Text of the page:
Day 11 – Our own private refugio!
Refugios are communal type dormitories along the Camino. They offer basic accommodations and cheap prices. Usually, they are very crowded, often packing 30 pilgrims into a single large room. On day 11 however, we were excited to find a newly renovated refugio evidently overlooked by the masses.
“…we locate the refugio across from the small stone church. The guidebook says we have to get the key from the town bar, but the refugio door is already open so we head inside. The refugio is housed in an old stone building that appears to have been restored recently. The ground floor has a small kitchen with a fireplace while the upper levels have bunk beds for perhaps twenty pilgrims. Jack and Dave are here - pressed and clean as usual and just getting up from their daily nap. Its funny, we seem to keep the same pace as these two, they just have a different routine than we do. They get an earlier start in the morning, arrive earlier to the next refugio, shower and take a nap. By the time we arrive, tired and soaked in sweat, they are clean and rested. “Looks like we’ll have this place to ourselves tonight boys,” Jack says. “I’m not complaining,” I reply. “Hotel quietness at refugio prices!” Jack tells us we have to pay our three euros (approx $3 USD) to the woman at the bar down the street.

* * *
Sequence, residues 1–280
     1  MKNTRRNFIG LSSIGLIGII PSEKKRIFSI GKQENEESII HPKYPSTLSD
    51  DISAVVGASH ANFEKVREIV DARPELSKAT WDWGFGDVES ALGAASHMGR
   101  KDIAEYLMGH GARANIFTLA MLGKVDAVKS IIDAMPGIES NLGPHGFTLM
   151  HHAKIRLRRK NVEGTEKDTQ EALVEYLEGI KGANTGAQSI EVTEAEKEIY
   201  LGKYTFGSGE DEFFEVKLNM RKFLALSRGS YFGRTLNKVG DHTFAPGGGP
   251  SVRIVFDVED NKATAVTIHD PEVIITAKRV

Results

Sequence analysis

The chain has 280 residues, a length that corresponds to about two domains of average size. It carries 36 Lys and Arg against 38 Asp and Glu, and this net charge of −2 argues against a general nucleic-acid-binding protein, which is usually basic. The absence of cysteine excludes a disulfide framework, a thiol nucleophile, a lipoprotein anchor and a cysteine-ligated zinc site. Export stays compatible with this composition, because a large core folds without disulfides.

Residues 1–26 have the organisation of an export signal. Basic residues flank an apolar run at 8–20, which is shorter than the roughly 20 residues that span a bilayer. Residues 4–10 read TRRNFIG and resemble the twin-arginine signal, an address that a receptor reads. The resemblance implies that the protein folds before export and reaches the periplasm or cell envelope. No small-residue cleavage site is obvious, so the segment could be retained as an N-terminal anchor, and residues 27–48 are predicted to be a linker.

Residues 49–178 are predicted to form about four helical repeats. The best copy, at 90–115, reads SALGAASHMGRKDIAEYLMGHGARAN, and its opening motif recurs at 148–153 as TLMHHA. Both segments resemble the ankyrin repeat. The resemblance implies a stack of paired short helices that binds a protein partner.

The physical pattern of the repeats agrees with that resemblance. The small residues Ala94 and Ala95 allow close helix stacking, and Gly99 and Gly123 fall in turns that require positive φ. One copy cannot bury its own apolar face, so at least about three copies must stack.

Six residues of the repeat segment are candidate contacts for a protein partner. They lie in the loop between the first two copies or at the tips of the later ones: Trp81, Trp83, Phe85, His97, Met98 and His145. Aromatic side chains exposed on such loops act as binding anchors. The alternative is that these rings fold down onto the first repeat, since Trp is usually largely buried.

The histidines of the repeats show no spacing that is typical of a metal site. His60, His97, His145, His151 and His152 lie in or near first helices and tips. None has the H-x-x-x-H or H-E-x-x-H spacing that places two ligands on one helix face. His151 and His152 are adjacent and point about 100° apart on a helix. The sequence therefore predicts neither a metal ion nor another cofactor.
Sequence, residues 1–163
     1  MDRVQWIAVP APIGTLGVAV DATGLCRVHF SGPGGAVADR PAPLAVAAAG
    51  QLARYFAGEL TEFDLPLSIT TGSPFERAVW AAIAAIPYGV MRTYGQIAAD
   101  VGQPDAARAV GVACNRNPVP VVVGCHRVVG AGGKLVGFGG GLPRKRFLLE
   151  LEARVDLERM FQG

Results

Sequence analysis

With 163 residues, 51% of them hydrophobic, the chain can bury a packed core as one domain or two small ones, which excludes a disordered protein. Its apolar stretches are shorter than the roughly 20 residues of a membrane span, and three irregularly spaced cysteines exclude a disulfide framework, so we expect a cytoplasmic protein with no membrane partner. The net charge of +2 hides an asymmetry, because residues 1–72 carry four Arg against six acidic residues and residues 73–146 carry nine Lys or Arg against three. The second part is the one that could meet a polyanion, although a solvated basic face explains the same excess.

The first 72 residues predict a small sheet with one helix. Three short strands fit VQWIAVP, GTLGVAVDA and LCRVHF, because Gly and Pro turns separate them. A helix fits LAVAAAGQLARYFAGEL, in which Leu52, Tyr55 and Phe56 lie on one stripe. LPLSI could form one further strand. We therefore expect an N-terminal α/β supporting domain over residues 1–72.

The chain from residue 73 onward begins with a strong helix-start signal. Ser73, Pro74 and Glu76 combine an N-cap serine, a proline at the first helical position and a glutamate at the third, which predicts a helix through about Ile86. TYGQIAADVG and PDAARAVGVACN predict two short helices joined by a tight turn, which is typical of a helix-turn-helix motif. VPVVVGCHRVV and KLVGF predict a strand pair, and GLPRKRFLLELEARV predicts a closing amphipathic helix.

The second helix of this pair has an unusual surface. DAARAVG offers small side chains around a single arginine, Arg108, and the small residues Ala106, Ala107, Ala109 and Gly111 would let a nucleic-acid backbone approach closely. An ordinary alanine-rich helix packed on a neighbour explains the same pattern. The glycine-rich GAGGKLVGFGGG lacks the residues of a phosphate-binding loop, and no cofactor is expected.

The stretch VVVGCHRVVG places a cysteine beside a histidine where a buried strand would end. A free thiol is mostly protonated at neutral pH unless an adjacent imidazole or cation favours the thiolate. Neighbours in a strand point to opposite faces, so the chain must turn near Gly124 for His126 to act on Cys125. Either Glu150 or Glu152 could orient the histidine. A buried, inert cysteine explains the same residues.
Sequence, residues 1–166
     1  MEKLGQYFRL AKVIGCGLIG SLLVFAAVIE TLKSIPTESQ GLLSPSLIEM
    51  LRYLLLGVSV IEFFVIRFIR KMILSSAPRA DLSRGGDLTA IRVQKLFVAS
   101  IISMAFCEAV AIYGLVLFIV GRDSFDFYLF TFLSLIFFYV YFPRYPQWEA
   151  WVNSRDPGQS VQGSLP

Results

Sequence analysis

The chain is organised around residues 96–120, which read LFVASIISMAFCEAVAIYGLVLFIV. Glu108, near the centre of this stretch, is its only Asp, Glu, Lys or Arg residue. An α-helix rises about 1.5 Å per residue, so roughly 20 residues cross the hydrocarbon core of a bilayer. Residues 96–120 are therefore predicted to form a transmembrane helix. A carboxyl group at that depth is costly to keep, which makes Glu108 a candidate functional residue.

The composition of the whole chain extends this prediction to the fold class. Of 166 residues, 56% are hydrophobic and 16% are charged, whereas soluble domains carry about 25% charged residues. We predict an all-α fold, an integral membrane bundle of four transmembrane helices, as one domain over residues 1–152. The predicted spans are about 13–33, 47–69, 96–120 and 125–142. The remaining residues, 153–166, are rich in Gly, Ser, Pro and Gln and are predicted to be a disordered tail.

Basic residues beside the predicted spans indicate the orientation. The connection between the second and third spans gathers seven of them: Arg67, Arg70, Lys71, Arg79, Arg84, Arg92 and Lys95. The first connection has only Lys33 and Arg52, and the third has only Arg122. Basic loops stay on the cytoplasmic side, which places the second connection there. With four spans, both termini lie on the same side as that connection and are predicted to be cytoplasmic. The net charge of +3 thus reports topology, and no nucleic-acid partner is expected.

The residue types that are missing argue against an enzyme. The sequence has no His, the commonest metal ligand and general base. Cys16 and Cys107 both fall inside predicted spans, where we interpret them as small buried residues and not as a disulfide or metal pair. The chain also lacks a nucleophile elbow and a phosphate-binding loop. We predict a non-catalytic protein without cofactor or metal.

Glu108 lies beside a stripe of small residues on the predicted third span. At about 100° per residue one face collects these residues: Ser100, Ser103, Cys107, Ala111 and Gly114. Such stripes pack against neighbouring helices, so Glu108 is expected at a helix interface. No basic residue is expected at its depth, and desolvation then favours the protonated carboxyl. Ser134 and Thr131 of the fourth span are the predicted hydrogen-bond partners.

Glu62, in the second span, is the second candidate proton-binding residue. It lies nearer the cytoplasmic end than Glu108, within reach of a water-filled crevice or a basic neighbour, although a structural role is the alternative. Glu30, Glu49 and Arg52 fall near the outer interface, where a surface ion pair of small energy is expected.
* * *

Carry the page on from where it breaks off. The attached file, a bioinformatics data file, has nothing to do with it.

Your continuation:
Outside the window over the kitchen sink, I notice a small garden courtyard, overgrown with weeds but with a clothesline strung diagonally. A clothesline is somewhat of a rarity on the Camino and one discovered this early on a sunny day means laundry will be sure to dry. We set out in search of buckets or anything else in which we might wash our clothes.